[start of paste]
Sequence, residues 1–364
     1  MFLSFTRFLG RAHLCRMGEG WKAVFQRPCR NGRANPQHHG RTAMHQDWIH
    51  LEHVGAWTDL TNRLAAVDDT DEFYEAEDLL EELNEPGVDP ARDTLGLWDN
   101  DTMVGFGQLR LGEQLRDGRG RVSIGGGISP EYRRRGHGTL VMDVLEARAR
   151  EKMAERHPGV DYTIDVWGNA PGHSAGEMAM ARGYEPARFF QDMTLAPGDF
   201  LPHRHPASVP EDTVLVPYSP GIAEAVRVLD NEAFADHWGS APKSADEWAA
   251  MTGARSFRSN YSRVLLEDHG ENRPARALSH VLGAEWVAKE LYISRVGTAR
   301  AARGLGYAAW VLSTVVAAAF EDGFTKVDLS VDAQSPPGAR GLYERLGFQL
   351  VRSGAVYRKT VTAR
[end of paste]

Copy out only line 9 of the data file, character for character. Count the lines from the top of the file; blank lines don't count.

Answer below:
   351  VRSGAVYRKT VTAR